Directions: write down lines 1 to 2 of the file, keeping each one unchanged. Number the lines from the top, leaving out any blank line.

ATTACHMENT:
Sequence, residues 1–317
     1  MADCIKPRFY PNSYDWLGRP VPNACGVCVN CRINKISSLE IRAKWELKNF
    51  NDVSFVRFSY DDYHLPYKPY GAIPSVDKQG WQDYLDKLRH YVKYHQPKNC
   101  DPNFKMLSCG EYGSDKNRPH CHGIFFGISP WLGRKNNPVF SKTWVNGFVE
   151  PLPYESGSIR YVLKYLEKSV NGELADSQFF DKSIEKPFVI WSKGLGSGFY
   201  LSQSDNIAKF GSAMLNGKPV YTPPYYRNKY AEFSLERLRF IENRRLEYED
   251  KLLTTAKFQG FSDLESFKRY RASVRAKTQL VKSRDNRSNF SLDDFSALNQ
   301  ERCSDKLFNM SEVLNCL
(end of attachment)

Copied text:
Sequence, residues 1–317
     1  MADCIKPRFY PNSYDWLGRP VPNACGVCVN CRINKISSLE IRAKWELKNF